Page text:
Every code of ethics in healthcare says patients first. It doesn't say I get to do what I want. I was talking with a cop, a state policeman here in Connecticut, who wasn't sure about vaccinations. He said, “I have the right to do what I want.” I turned around. I looked at his police car and what does it say on the door? “Protect and serve.” It doesn't say, “I'm a policeman. I'm going to do what I want.” Let's use our heroic, altruistic motives, help others, protect others and serve others. Those are the principles I want to hear about.

I appreciate the freedom and autonomy that we have living in the United States. We also need to still consider our neighbors and make sure that we aren't doing harm to others because of our need for our own personal freedoms. That's where the line, for me, is drawn.

The classic philosopher John Stuart Mill out of England back in the 19th century said, I'm roughly paraphrasing, “You're free to do what you want but your freedom to swing your arm ends at the tip of the next guy's nose. If you punch him then you're not free to do it.”

Biomedical Ethics: The places that vaccinate have probably 20% fewer death rates compared to what's going on where people aren't vaccinating, and the numbers tell you the story.

If someone has a family member or a patient who is questioning masks and vaccines, what do you think is the best way to approach them given the plethora of vaccine misinformation that's out there?

The best way to approach them is to stay six feet away and put on a mask. That's how we approach but I know what you mean. Talk with them. We have to say, “Here are the facts about vaccine safety. Here's the real truth about vaccine efficacy.” These vaccines, I'll give credit, particularly Pfizer and Moderna, are extraordinarily effective. They're hitting rates like 90% efficacy even though we've seen breakthrough cases.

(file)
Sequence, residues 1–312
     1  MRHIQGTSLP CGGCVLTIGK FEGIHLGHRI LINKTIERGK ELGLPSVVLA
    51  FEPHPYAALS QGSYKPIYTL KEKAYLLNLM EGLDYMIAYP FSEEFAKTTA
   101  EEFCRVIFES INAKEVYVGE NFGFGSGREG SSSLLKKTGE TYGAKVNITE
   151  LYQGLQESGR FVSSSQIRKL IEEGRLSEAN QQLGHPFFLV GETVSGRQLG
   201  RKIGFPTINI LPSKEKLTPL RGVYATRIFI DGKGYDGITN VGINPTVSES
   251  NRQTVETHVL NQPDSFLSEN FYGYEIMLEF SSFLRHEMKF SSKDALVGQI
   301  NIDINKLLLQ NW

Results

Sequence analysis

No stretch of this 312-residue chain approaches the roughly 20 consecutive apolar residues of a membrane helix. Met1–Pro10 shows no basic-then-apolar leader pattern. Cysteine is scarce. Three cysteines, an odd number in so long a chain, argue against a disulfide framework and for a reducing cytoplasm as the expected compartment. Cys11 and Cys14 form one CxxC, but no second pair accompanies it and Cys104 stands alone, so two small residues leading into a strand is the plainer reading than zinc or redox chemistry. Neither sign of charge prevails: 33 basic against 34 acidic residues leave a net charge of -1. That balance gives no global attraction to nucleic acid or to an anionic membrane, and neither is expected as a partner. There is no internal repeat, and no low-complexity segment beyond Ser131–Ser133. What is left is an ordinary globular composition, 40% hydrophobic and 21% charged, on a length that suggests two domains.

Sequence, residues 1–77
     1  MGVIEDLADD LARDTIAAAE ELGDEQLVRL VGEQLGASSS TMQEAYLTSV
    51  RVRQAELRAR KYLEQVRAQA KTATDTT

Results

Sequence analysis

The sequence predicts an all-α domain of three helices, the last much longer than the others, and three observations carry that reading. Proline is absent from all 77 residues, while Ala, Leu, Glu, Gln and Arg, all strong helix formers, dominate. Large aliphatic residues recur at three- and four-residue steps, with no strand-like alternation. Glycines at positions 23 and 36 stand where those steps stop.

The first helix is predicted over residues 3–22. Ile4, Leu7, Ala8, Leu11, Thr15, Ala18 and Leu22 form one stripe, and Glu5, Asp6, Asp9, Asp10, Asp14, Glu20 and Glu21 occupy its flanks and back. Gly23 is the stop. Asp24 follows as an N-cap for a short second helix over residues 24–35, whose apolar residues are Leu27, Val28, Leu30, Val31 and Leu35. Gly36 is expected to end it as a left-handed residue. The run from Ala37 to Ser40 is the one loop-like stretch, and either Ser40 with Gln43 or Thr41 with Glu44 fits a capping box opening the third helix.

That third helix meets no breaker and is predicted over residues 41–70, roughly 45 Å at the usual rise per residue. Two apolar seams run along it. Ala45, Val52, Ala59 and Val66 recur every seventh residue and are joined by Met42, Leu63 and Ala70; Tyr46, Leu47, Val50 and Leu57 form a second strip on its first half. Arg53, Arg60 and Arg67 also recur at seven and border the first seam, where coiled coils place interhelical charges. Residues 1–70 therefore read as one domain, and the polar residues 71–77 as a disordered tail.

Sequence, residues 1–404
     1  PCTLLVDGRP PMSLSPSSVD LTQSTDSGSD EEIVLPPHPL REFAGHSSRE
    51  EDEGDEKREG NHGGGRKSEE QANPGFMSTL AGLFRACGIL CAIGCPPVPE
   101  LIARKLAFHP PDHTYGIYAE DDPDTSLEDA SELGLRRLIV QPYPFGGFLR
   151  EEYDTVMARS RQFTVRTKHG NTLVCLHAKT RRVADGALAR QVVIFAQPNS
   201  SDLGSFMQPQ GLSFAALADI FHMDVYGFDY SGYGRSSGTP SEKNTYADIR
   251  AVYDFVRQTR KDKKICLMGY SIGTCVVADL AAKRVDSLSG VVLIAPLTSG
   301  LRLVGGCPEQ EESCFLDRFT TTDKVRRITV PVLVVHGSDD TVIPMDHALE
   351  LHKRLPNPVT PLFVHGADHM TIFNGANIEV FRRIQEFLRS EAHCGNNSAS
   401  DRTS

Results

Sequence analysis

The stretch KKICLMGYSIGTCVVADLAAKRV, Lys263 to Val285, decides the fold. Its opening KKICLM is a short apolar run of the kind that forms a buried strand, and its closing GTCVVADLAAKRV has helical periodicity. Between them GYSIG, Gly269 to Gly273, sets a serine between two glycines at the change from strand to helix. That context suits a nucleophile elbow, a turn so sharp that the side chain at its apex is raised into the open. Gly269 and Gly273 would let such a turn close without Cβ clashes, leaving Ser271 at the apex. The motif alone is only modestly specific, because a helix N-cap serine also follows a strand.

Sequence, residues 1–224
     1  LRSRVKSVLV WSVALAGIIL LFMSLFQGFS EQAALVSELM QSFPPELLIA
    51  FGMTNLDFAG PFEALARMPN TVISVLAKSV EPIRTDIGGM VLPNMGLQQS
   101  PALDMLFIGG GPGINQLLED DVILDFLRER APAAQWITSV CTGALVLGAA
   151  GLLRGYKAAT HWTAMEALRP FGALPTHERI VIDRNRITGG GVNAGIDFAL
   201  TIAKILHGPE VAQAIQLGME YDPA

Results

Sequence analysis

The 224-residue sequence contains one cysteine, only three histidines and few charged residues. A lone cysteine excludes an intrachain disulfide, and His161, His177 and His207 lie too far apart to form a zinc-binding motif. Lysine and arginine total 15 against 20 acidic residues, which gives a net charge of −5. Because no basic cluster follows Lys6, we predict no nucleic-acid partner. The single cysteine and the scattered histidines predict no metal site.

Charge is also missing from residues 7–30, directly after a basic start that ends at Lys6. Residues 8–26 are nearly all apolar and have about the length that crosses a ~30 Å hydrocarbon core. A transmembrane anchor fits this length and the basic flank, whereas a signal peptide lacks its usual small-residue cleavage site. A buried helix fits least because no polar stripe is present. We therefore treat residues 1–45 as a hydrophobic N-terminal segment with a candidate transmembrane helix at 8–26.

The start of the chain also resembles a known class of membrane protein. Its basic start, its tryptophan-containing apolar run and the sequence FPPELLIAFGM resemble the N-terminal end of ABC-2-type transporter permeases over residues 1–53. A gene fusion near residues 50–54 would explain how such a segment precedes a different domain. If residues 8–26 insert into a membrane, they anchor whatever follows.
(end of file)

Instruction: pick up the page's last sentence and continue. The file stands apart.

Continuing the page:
You don't die, you don't get as sick and you are less infectious. They work very well. They're better than the measles and flu vaccine. These are good. Their safety profiles are amazingly good. The newer technology reduces allergic reactions. Don't worry about the long-term effects. The agents that are in there to trigger the creation of a spike protein to intercept viruses, the body eventually clears them out after a year or two. That's why we have to talk about boosters or further vaccination.

There aren't any long-term side effects. This is not going to stay in your body. Figure out what they're worried about. Address the safety. Try to get rid of the misconceptions they picked up from the neighbors or the internet or wherever. I would even say familiarize yourself with what those false messages might be. It helps the conversation to know what they might be embarrassed to tell you that they're thinking about.